SEZs should protect farmers

In his article, “Farmers as victims” (Oct 18), Professor Janak Raj Gupta has provided valuable information regarding the special economic zone (SEZ) model. Our leaders are aping new models which do not suit our regional and local agrarian conditions.

Our leaders and administrators have failed to govern and deliver the goods through thoughtful policies and planning; they only want to flourish on foolhardy ventures. Globalisation and liberalisation do not imply that all attractive ideas from outside should be implemented without care for national needs and socio-cultural compulsions.

The new economic policies adopted by the government of the day should help, and not affect, the interests of our farmers.





The writer has rightly stated that authoritarian China’s SEZ model will not work in democratic India either economically or socially. No political party is sincerely committed to the farmers’ wellbeing. Suicide has become a ritual for hapless farmers.

The SEZs should be farmer-oriented and it is binding on the government to ensure that no SEZ flourishes at the farmers’ cost. Sops, freebies, packages, subsidies and so on will not help solve the farmers’ problems unless they have adequate representation from their own fraternity in Parliament and state legislatures.

The media is, no doubt, sympathetic. Honest intellectuals too favour the suffering peasantry. The government will have to be farmer friendly.

Prof HARI SINGH, Kheri Jhat (Jhajjar)


Many leaders and experts have expressed reservations about the way the SEZs are being approved of. No doubt, we cannot continue living in the old world. Agriculture on its own cannot sustain our huge population forever. We have to launch rapid industrialisation and well-planned urbanisation for providing gainful jobs to our unemployed youth.

Reports say, large tracts of fertile land have been acquired for setting up the SEZs in Punjab, Haryana and Uttar Pradesh. In Jhajjar (Haryana), 10,000 hectares of land has been handed over to Mukesh Ambani for developing the SEZ. Critics say, “this land can feed 2.4 lakh people in perpetuity. And a hundred such SEZs can disastrously impact 2.4 crore people,” (The Hindu, Oct 8).

Sadly, in the absence of free debate and discussion, we don’t have a clear-cut understanding and approach on an issue like the SEZs. The farmers should not be forced to part with their fertile land at any cost at the behest of big corporate houses who have been at the receiving end since our Independence. Farmers should not be deprived of their land — the only perennial source of their livelihood.



To create employment opportunities and strengthen infrastructure, SEZs are being set up in many states. In Punjab, at the behest of the Chief Minister, fertile land of even petty farmers is being snatched away despite protests. The agricultural land is of their forefathers and their permanent source of livelihood. The farmers are already hit due to paucity of electricity, water, natural calamities and costly fertilisers.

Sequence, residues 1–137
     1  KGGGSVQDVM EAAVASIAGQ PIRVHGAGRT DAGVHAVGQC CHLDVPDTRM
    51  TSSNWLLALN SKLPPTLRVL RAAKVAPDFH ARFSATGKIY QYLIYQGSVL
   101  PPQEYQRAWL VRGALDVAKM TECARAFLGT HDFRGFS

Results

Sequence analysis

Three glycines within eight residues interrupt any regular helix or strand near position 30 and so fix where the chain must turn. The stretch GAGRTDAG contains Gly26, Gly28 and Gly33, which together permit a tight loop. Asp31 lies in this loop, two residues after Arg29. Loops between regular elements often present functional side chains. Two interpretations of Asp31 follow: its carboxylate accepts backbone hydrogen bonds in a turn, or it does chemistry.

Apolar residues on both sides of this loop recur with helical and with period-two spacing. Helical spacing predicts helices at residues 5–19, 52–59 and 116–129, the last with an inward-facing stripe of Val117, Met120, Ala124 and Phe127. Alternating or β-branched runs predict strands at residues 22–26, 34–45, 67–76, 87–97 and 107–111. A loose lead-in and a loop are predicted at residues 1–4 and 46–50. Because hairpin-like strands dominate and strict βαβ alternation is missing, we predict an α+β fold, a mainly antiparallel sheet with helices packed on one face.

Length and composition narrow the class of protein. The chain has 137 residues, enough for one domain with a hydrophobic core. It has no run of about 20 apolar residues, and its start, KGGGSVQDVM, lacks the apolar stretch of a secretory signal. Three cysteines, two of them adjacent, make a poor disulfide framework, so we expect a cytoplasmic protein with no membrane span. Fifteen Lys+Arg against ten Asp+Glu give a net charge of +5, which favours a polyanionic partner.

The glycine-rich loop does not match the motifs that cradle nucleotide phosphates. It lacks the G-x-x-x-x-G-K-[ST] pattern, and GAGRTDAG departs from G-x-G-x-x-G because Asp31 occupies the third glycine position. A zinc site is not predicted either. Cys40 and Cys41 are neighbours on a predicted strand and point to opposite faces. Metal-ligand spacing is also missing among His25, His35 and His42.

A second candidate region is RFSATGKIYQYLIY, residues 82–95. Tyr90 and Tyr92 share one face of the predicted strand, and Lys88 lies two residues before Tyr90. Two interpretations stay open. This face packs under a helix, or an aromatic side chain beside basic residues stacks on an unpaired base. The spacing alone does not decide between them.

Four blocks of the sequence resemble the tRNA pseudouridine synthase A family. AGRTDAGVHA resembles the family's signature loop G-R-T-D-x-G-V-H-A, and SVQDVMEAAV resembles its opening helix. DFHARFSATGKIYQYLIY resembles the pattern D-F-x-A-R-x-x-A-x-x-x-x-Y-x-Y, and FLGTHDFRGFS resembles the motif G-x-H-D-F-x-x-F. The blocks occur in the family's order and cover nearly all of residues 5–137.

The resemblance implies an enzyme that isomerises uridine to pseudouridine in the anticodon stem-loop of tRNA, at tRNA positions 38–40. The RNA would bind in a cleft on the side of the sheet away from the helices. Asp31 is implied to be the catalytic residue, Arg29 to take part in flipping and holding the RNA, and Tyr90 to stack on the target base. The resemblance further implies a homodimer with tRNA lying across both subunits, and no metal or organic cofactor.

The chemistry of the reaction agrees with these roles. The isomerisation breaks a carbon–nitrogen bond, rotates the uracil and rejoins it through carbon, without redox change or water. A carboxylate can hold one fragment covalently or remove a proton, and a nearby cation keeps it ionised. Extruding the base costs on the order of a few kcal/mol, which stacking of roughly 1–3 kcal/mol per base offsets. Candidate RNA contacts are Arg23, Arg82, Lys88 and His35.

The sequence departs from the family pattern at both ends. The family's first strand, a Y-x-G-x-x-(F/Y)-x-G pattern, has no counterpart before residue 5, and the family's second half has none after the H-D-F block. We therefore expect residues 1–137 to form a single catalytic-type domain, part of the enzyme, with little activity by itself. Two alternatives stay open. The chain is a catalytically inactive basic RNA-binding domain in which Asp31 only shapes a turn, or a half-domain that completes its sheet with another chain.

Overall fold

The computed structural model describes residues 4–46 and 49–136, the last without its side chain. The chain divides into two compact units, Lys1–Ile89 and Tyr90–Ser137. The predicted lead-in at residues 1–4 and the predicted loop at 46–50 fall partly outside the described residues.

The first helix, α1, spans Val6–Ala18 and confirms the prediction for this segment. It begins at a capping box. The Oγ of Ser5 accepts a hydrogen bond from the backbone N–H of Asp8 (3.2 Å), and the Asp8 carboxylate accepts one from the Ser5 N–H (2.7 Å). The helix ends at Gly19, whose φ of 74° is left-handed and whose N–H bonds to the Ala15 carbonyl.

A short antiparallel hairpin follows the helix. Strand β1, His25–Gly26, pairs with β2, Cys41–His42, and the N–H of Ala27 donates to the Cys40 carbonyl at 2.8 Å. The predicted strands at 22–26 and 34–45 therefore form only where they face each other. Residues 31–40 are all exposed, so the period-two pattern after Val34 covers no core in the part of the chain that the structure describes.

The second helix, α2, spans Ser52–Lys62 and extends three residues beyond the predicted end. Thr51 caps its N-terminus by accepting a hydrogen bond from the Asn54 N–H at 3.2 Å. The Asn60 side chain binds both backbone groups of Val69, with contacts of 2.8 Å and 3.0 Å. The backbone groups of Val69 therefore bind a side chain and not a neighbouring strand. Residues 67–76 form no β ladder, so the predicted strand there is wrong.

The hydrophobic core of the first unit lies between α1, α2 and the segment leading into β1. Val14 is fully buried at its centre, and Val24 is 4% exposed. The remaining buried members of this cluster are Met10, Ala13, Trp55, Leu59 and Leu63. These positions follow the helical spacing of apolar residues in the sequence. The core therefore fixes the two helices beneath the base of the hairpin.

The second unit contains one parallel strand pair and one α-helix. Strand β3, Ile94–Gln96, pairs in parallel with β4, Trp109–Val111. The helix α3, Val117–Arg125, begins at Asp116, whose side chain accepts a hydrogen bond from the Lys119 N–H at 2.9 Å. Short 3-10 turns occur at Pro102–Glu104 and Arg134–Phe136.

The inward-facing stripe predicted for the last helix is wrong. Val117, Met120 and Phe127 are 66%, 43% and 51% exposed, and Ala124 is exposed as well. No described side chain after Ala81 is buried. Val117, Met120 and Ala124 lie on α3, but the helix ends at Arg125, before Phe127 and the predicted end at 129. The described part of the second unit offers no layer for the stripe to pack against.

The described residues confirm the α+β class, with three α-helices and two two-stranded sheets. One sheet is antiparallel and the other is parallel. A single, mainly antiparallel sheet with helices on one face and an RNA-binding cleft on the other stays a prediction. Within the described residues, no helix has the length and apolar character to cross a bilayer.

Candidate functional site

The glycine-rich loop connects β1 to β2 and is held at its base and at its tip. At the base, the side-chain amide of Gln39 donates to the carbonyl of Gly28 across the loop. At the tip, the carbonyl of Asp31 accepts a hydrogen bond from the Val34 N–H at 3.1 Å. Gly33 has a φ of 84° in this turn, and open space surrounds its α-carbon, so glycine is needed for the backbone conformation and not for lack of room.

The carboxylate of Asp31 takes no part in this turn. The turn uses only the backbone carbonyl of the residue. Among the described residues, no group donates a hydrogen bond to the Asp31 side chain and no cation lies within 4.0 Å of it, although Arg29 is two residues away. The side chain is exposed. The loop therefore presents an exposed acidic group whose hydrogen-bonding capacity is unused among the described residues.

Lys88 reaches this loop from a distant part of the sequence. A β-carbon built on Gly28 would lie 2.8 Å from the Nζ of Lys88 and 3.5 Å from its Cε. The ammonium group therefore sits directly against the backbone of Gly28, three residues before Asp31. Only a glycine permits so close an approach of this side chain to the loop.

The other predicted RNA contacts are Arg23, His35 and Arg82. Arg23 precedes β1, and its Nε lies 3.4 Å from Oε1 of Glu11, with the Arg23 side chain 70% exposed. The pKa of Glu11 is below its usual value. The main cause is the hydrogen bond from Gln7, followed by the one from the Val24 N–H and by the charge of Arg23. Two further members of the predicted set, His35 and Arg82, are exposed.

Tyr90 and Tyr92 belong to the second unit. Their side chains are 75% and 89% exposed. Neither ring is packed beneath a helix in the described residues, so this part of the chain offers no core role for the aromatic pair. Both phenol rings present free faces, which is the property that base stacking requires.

The Punjab government is promising due compensation to the farmers. But where will they keep the money? If they keep it in the banks, they will be forced to pay tax.


Why diversify crops?

Wheat output in Punjab and Haryana may fall due to the fast depletion of land under cultivation and the emergence of more townships near big cities. Unauthorised colonies and migration of some Punjab and Haryana’s landlords from their residences to their farms have reducing the land under cultivation. Two-laning and four-laning of roads and mushrooming of marriage places in the countryside have also resulted in the depletion of agricultural land.

Consequently, I do not foresee any tangible benefits from crop diversification. Even otherwise, only the crop pattern of wheat and rice is suitable to the climatic condition of Punjab and Haryana. Can any one produce here Kashmiri kesar, Assam and Kangra tea and Karnataka haldi in Punjab? I tried plantation of suffada trees and pulses, but failed.

Besides wheat and rice, sugarcane can be grown in Punjab. Though sugarcane is more profitable than wheat and rice, the government had discouraged its production by not allowing the sugar mills to sell their produce in time and help farmers get early payment.

Prof GOPAL SINGH, Amritsar

Helping the elderly

This has reference to the news-item, “Law to protect interests of elderly” (Oct 18). I welcome the proposal of the Union Ministry of Social Justice. The legislation will contain provisions for need-based maintenance of the elderly members of the family by their children.

Unfortunately, the children dump the aged into the old age homes much against their wishes. They are not provided even items like spectacles, newspapers and medicines. They are also detailed for petty jobs like escorting children to schools, bringing milk, vegetables and household work. When ladies go out for shopping, picnics or parties, the old parents are told to take care of the children.

There is no social security in India. But why cannot the expertise of the elderly be utilised properly? They also deserve help. Separate windows at public utility places like post offices, banks, hospitals are needed to exempt them from long queues. They need some subsistence allowance too. The government should implement the Health Care Scheme included in the Directive Principles of State Policy. There is need for an attitudinal change between the parents and children.

M.L. BATURA, Second World War Veteran, Karnal



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